Increasing registrations on the Australian Organ Donor Register

Gail Moloney, Michael Sutherland, Maddison Norton, Bowling Alison, Iain WALKER

Research output: Contribution to journalLetter

Abstract

Many people are aware that Australia has an opt‐in system for recording organ donation decisions; and many are also aware that, historically, donation decisions were recorded on the driver's licence. What is not well known is that, in 2000, the Australian Organ Donor Register (AODR) was introduced as a register of consent (or objection), and that, between 2005 and 2012, the recording of donation decisions (except for South Australia) was transitioned from the driver's licence to registration on the national register, the AODR.1 Five years on, 53% of the people we surveyed in New South Wales (n = 802) were unaware that donation decisions were no longer recorded on the driver's licence,2 and less than a third of eligible Australians had registered their decision on the AODR.3 The implications of this are profound. Consent to donate by the next‐of‐kin in the intensive care unit is 90% when decisions are registered on the AODR, but only 44% when the decision is unknown.4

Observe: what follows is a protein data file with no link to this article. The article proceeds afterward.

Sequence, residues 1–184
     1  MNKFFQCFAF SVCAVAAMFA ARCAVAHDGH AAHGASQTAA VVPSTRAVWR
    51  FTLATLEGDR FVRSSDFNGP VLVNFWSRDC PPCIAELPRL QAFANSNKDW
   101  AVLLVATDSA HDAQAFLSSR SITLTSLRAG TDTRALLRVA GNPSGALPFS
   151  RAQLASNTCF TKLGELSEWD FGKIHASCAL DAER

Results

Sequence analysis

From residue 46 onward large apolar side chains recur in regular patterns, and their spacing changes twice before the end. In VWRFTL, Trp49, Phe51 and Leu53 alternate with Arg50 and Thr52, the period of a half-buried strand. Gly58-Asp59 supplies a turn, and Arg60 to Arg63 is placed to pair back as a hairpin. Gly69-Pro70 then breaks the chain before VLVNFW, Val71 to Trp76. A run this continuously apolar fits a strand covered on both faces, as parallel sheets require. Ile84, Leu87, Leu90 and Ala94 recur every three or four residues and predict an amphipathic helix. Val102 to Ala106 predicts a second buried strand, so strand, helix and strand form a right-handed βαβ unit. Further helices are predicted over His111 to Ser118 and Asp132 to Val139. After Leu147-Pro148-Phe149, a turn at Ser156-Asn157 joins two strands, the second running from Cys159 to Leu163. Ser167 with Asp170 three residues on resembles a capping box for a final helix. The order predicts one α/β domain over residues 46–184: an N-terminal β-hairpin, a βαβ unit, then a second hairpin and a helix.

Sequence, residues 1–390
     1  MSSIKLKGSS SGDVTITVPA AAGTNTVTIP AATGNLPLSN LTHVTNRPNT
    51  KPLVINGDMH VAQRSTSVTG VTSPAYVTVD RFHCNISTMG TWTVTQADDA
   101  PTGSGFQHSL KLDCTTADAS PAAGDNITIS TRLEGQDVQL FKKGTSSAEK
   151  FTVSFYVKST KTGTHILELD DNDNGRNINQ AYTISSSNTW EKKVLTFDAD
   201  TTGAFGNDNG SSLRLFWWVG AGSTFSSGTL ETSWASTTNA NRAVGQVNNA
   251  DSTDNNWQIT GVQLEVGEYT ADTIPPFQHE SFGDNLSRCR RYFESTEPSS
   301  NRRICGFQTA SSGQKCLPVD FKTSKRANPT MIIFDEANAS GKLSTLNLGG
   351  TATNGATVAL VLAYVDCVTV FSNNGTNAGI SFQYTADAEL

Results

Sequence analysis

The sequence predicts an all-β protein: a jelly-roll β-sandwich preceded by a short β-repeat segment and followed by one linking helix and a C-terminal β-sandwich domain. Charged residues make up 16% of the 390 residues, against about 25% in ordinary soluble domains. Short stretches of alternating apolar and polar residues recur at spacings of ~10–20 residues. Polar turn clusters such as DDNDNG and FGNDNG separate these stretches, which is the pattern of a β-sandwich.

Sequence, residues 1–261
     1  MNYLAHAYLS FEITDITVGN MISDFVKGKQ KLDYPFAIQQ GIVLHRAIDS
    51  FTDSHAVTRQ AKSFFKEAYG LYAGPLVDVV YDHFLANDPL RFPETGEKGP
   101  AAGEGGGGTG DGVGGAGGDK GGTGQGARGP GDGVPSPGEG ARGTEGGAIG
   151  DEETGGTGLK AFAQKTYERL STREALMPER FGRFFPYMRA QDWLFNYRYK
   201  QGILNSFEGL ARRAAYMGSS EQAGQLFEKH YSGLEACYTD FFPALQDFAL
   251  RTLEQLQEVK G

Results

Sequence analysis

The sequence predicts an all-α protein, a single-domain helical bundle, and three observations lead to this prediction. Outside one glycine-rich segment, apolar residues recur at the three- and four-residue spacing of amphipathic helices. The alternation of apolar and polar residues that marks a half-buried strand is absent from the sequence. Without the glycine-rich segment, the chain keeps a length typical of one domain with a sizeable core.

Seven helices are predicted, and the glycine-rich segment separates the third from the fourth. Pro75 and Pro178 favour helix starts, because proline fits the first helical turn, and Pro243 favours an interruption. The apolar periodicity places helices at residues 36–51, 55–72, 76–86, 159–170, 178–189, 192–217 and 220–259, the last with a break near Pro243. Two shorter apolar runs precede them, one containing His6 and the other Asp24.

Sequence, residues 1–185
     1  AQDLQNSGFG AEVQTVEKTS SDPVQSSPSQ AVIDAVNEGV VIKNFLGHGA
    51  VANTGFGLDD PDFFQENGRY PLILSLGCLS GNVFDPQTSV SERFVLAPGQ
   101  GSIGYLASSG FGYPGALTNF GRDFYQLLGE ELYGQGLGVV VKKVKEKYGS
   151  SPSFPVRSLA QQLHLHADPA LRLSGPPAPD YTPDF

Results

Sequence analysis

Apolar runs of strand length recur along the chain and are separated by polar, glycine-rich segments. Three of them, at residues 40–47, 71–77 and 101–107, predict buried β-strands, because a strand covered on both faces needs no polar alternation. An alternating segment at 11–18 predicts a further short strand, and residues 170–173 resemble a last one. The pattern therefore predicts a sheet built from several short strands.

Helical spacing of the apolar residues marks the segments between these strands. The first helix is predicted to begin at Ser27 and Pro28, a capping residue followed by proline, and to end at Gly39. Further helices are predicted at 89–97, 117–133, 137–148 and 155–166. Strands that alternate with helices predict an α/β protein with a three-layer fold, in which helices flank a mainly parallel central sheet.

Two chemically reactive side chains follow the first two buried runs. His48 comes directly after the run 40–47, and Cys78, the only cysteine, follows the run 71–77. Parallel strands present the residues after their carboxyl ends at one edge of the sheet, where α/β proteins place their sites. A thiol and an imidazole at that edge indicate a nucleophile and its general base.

We have responded to the need to increase registration rates by developing5 an immediate registration opportunity, which combines the opportunity to discuss donation in a face to face interaction with the opportunity to register on the AODR immediately.2 Participants’ concerns, fears and questions about donation are prompted through a brief survey about organ donation beliefs, which facilitates discussion and allows misconceptions to be addressed. The participants are then asked if they would like to register on the AODR.